Co-curricular activities: Don’t be a Jack-of-all
It was time for the mid-term exams and Ali was having the jitters — will he pass with flying colours as in the past or will he just be considered an average student?
He had joined a new school which unlike his previous one, offered a lot of co-curricular activities. Back at his previous school, which just had sports twice a week, he was always among the top three students. But since he had joined a lot of activities in the new school, he could not give as much time to his studies as he used to or should be giving.
He found it hard to resist joining the dramatist club and the literary society as well as a couple of sports teams and when the declamation contest was announced, he got himself registered. How could he not? He had always dreamt of representing his school and delivering a fiery speech and later lifting the trophy amid thundering applause.
Ali was in class VII and it was important for him to maintain his grades — one, to establish himself among the good students in the new school and two, to be allowed to continue in the O Level section. His teachers had told the class that those who did not perform well in the mid-term and the final exams will be asked to shift to Matric system.
Seeing him in stress his mother sat him down to discuss and try to solve his predicament. She knew he was intelligent and never shied from hard work; exams were never a problem for him. Once she sat with Ali and he shared his dilemma, she understood what had happened.
She explained to him that he had got himself involved in more activities than he could handle. She explained that though it is good to not restrict oneself to studies alone, and that co-curricular activities are designed to provide mental and physical stimulus to students and a break from the monotony of academic life, the most important thing at this stage in a person’s life is academic excellence, as one’s whole career and future depends on that.
However, it is true that one cannot just study all the time. School, homework, tuition and nothing in between is sure to tire one mentally. One needs physical activity to maintain good health as well as to remain mentally alert. Remember the old adage “All work and no play make Jack a dull boy”. When one does not participate in physical activity of any sort, his health begins to deteriorate.
The key is to choose fewer activities and that too those that do not take a lot of time nor do they tire you so much that you are left with no energy — physical and mental — to concentrate on studies.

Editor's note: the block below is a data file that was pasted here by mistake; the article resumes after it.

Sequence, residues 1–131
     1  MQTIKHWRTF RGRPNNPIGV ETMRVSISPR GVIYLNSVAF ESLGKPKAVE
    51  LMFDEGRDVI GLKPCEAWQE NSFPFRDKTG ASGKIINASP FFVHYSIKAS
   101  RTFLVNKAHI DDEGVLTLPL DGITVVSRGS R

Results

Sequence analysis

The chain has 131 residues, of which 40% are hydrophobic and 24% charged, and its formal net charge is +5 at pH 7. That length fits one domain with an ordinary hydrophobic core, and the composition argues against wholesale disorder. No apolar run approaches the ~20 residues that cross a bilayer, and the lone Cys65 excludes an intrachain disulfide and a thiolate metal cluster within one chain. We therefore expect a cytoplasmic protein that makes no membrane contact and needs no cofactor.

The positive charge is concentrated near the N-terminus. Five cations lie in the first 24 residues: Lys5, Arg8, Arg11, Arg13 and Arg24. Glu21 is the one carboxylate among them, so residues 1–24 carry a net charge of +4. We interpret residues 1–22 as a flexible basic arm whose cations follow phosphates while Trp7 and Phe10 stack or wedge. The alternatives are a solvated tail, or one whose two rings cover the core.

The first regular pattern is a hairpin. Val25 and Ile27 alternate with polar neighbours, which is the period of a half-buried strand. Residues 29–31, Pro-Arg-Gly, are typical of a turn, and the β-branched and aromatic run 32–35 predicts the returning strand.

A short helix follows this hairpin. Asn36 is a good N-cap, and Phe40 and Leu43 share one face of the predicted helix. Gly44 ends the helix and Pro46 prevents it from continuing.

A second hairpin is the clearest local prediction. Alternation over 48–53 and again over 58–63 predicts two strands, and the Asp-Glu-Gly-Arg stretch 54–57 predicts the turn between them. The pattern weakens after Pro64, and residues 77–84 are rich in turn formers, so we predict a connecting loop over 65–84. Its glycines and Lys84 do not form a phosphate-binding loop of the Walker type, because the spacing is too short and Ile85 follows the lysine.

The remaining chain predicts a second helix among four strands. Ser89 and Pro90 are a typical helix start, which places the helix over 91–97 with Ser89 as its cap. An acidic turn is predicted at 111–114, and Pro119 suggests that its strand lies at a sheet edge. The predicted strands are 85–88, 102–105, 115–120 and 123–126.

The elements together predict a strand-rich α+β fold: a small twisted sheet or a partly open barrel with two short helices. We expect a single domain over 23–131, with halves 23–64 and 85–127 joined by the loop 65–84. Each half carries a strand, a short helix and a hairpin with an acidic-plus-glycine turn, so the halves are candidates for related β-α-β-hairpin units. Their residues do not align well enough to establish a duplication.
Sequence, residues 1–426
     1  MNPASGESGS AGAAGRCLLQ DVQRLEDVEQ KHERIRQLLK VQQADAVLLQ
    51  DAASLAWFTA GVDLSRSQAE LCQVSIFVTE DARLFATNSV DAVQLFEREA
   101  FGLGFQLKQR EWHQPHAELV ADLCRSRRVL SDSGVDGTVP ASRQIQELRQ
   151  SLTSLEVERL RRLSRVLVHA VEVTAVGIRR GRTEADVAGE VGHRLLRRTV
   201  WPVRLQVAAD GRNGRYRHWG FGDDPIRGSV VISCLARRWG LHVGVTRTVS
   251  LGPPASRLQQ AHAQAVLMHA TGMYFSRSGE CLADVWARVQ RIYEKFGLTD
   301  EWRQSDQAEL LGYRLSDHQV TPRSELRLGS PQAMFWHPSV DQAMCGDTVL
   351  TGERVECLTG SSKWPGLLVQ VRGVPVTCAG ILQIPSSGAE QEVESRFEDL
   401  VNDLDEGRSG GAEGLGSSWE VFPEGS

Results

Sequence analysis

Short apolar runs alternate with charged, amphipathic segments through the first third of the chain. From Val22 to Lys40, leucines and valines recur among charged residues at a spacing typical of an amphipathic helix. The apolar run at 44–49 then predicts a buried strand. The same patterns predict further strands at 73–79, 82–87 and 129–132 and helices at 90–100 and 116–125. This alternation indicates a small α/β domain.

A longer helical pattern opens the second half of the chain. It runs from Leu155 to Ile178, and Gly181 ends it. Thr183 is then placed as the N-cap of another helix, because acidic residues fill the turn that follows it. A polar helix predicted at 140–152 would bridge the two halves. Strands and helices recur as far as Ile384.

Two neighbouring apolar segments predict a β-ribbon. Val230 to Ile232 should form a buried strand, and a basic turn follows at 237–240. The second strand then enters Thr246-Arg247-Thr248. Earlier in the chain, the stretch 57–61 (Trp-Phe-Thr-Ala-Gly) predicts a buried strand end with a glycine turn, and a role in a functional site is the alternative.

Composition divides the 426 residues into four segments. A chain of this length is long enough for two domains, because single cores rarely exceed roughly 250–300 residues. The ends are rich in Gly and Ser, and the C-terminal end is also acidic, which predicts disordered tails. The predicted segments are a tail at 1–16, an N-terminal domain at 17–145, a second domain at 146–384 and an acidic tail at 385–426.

Depending on your interest, you can choose one sport/gym activity to keep yourself physically fit and one or at the most two other activities, so you get the chance of healthy competition among peers and are able to pursue your interests. If you are interested in tennis but your friend is more into cricket, the two of you can join the respective clubs or your school teams to pursue your interest.
Sometimes students often enlist in a sport of their choice and that of their friends’ as well to be with them. Dividing time between the two and not being able to concentrate on any leads to them feeling miserable and wasting precious time and energy. If you concentrate on a sport of your choice, you can hope to be selected for the national or regional team one day if you are good enough and show the potential.
The same is with other activities. If you are into dramatics you can join the relevant club and let your friend go for his music practice. Concentrating on fewer activities also allow you to excel in them — who knows one day you win a national or international award in the field of your choice!
These days there are many competitions for school students at the national and international level such as the Maths Olympiad, Science Olympiad, writing contests, drawing and even spelling contest. For these you have to keep practicing throughout the year; it’s not that you just enter the competition on you whim — surely you don’t stand a chance if you do so.
Sports and other co-curricular activities not only provide the much needed break from studies, bur they also inculcate and develop teamwork, confidence, interpersonal relations, etc., and most importantly spirit of healthy competition.
To add to these, there are so many things these days to occupy one’s mind and time — computer, TV, video games, etc. Of course, one is not expected to stay away from TV or computer. Though one should always remember to use these judiciously and not get carried away, spending the entire evening watching one programme after another, or chatting on the internet till the wee hours and then feeling sleepy in school.
Things do not move in the same way for everyone. Some manage to do well despite their involvement in other activities, while there are some who stick to their books and are still not top scorers. A top achiever once said that he participates in many activities, but two months before the exams he drops everything and just concentrates on studies. His commendable number of As in O Levels is the proof of the success of his strategy.
It’s best to assess yourself, and then take guidance from parents and teachers so you don’t learn the hard way.